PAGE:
Well, the file system triggers are nice to know, but I'm too low level
a peon in order to implement such a policy on our servers. Besides, we
use AIX and not Linux here.
So I have the following choices:
* Use a crontab entry to look for changes every five minutes or so.
* Use Hudson and use its File System CM plugin to do the same thing.
* Both Nexus and Artifactory can use plugins written in Groovy.
Unfortunately, I don't know Groovy, and the documentation is rather
light on details.
* Use Subversion the triggers do what I want, but training a vendor to
use it might be too difficult. You have to checkout the directory, do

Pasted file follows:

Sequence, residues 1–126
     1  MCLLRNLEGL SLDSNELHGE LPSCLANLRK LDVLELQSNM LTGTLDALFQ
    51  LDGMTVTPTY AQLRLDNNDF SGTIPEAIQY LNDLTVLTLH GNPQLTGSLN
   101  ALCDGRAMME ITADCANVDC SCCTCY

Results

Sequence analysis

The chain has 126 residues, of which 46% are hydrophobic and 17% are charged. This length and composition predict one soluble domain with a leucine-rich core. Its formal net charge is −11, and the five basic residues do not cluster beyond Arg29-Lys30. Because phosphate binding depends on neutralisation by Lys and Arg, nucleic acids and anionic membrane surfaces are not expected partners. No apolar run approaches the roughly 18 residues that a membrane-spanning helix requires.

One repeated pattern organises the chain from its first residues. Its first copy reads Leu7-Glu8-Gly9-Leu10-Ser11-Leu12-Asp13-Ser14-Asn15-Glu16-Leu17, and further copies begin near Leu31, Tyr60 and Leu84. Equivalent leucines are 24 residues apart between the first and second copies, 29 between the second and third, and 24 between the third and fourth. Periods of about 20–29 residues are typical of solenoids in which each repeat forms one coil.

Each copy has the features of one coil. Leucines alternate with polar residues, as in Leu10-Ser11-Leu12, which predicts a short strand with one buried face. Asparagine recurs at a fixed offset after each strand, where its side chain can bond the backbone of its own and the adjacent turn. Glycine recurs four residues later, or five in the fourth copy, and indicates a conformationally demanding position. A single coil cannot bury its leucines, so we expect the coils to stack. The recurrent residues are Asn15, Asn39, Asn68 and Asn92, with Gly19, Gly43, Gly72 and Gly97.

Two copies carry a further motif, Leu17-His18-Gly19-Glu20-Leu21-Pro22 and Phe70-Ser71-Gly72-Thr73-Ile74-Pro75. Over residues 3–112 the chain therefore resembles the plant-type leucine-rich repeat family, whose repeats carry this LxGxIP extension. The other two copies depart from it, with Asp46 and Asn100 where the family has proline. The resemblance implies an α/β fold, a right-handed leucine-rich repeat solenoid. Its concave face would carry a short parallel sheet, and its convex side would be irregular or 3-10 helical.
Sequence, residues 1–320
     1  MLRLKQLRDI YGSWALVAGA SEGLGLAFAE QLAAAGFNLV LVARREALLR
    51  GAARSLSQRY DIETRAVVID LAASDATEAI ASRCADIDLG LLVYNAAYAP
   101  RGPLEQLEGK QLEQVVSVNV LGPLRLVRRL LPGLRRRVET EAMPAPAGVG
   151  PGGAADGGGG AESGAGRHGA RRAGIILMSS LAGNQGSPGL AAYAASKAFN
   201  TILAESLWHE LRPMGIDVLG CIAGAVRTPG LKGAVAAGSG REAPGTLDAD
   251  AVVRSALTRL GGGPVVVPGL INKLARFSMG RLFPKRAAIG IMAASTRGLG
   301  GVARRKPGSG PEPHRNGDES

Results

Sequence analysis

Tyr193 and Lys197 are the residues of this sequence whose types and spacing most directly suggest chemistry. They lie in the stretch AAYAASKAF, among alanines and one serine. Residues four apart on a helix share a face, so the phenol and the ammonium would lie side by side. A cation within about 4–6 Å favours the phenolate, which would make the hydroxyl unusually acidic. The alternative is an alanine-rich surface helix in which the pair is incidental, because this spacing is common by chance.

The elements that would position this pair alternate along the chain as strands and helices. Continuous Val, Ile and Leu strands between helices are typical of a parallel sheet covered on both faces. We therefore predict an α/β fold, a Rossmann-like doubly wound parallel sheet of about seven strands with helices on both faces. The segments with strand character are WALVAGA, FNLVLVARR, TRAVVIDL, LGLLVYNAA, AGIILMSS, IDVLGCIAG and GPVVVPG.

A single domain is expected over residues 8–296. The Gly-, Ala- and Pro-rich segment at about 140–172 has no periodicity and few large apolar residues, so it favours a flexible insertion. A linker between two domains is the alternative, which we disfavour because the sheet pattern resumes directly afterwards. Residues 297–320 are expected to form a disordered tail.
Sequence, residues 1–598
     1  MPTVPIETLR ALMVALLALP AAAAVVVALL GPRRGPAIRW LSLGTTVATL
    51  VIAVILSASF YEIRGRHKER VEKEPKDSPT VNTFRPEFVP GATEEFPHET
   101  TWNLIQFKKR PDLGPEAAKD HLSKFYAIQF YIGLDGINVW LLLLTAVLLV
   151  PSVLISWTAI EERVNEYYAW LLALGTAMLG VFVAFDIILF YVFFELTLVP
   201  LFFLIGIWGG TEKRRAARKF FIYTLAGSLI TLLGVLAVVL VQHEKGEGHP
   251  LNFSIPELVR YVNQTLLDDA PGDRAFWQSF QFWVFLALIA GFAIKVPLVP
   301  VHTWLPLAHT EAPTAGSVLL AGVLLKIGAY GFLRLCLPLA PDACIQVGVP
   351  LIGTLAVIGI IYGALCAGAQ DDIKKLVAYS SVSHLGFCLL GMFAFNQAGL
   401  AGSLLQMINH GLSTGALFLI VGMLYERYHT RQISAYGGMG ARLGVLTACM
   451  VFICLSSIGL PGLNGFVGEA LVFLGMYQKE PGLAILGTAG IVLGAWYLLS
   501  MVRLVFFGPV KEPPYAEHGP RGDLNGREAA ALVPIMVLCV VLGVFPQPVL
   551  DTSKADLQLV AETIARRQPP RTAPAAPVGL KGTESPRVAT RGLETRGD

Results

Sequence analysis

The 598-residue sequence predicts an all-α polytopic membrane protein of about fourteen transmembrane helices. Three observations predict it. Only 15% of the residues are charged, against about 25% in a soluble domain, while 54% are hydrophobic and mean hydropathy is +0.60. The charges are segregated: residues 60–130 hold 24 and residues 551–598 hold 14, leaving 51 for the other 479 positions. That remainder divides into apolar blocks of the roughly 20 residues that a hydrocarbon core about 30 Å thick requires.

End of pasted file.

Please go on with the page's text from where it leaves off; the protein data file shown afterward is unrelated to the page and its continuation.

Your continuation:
a "svn add', and then do a "svn commit". I'm having a hard enough time
getting the developers here to understand that.
I'm leaning towards using Artifactory or Nexus as the actual release
managers for a variety of reasons, and then using Hudson's ability to
examine the file system for changes in the directory where the
downloaded patches would be stored.
I want to get away from granting direct access to vendors on our
servers, and I both Nexus and Artifactory will have an interface
that's pretty simple to use. Using Hudson allows me to monitor the
directories without asking for scheduling abilities to run a process
every five minutes. The powers that be will probably not mind Hudson
too much, but hate crontab stuff.
Seems a little too Rube Goldberg for my tastes, but it seems like the
simplest and easiest thing to document. Hudson gives us some reporting
and emailing capabilities built into the system.
Received on 2010-11-22 18:24:40 CET